Single-Leg Jump Performance Before and After Exercise in Healthy and Anterior Cruciate Ligament Reconstructed Individuals

in Journal of Sport Rehabilitation
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Context: Many clinicians measure lower-extremity symmetry after anterior cruciate ligament reconstruction (ACLR); however, testing is completed in a rested state rather than postexercise. Testing postexercise may better model conditions under which injury occurs. Objective: To compare changes in single-leg performance in healthy and individuals with history of ACLR before and after exercise. Design: Repeated-measures case-control. Setting: Laboratory. Patients: Fifty-two subjects (25 control and 27 ACLR). Intervention: Thirty minutes of exercise. Main Outcome Measures: Limb symmetry and involved limb performance (nondominant for healthy) for single-leg hop, ground contact time, and jump height during the 4-jump test. Cohen d effect sizes were calculated for all differences identified using a repeated-measures analysis of variance. Results: Healthy controls hopped farther than ACLR before (d = 0.65; confidence interval [CI], 0.09 to 1.20) and after exercise (d = 0.60; CI, 0.04 to 1.15). Those with ACLR had longer ground contact time on the reconstructed limb compared with the uninvolved limb after exercise (d = 0.53; CI, −0.02 to 1.09), and the reconstructed limb had greater ground contact time compared with the healthy control limb after exercise (d = 0.38; CI, −0.21 to 0.73). ACLR were less symmetrical than healthy before (d = 0.38; CI, 0.17 to 0.93) and after exercise (d = 0.84; CI, 0.28 to 1.41), and the reconstructed limb demonstrated decreased jump height compared with the healthy control limbs before (d = 0.75; CI, 0.19 to 1.31) and after exercise (d = 0.79; CI, 0.23 to 1.36). Conclusions: ACLR became more symmetric, which may be from adaptations of the reconstructed limb after exercise. Changes in performance and symmetry may provide additional information regarding adaptations to exercise after reconstruction.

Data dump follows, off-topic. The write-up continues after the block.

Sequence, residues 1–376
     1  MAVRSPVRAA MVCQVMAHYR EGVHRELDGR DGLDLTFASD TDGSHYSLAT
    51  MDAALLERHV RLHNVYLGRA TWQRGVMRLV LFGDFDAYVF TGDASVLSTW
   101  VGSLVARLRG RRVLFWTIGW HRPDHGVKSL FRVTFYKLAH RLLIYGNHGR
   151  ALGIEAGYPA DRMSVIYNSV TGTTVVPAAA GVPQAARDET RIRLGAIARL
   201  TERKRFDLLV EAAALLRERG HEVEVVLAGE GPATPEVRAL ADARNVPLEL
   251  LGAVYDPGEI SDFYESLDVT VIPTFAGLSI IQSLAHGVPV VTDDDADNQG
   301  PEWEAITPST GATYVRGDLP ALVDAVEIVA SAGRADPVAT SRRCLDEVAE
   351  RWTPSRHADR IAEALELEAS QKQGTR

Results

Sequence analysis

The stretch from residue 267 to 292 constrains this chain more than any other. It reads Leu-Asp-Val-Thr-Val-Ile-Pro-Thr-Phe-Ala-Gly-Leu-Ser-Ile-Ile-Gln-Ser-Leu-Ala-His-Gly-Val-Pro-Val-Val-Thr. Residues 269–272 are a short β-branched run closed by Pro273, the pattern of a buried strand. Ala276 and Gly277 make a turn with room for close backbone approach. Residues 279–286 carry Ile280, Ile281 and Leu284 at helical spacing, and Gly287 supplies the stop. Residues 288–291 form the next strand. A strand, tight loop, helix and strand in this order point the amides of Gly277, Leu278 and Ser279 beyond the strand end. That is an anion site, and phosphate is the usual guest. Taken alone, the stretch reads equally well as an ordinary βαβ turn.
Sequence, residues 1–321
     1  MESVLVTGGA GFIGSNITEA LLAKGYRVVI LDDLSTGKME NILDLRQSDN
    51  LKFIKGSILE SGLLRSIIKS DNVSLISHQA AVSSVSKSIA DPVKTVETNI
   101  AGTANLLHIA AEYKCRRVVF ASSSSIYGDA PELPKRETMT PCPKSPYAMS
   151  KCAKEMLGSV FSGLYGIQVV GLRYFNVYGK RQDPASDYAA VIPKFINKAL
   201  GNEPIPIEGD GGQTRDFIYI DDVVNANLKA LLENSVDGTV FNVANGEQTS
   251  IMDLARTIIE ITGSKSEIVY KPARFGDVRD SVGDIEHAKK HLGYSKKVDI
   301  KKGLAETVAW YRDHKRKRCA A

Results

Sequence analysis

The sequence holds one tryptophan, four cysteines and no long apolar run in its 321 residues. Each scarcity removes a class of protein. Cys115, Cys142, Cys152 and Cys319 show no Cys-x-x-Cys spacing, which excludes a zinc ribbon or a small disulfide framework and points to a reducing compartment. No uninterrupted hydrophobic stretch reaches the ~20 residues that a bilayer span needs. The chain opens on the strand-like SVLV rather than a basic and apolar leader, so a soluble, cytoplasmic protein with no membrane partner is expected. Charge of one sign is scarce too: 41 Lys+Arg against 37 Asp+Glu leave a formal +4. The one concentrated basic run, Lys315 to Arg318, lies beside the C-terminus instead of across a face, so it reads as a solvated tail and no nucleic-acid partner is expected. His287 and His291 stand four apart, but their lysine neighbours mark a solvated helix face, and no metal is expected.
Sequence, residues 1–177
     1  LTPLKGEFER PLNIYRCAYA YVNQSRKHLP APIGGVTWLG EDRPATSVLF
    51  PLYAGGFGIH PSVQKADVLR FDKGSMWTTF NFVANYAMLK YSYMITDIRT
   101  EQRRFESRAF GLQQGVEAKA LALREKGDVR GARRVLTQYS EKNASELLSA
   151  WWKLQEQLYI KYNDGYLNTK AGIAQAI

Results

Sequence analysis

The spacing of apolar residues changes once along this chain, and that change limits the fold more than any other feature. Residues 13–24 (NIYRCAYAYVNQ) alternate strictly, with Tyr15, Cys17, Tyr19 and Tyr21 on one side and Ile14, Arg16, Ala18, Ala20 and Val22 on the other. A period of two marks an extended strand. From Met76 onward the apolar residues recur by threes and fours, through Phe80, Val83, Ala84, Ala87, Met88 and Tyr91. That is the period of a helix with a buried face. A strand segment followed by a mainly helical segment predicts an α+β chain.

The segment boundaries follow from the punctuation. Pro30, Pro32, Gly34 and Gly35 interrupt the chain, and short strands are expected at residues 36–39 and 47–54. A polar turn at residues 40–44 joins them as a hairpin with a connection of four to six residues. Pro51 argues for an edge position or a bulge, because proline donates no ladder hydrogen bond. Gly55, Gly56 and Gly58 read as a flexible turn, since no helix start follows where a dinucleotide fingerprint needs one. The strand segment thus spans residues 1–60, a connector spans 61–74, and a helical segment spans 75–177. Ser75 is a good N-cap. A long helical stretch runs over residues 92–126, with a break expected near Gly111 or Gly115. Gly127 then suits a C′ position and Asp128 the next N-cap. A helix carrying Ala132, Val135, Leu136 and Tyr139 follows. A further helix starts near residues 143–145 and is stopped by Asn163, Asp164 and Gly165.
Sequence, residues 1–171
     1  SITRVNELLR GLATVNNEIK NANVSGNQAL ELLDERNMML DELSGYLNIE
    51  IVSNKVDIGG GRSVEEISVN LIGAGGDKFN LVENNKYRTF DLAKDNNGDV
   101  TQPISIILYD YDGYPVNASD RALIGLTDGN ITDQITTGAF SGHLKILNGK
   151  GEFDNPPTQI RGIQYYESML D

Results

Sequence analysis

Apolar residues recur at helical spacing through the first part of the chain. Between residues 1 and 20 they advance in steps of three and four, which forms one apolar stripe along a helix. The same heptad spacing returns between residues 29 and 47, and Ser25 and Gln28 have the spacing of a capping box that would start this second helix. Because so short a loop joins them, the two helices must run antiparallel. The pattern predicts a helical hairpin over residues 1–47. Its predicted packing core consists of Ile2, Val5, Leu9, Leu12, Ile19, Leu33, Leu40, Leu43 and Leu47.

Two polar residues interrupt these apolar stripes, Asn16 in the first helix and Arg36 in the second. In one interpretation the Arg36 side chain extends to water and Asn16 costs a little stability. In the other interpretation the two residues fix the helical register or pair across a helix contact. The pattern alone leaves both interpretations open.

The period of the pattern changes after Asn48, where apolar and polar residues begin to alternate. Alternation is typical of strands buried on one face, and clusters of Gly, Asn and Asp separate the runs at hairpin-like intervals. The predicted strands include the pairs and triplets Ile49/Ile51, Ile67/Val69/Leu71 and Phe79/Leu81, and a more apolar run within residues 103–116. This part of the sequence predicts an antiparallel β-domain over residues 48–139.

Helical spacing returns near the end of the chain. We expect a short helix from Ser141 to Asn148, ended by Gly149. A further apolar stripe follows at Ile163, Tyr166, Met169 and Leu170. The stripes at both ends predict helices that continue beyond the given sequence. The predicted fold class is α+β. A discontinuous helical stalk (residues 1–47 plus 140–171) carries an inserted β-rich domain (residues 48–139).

Bookbinder, Hertel, and Hart are with the Department of Kinesiology, University of Virginia, Charlottesville, VA. Slater is with the Center for Bionic Medicine, Shirley Ryan AbilityLab, Chicago, IL. Simpson is with the Department of Biomedical Engineering, University of Virginia, Charlottesville, VA.

Slater (lindsay.slater@northwestern.edu) is corresponding author.
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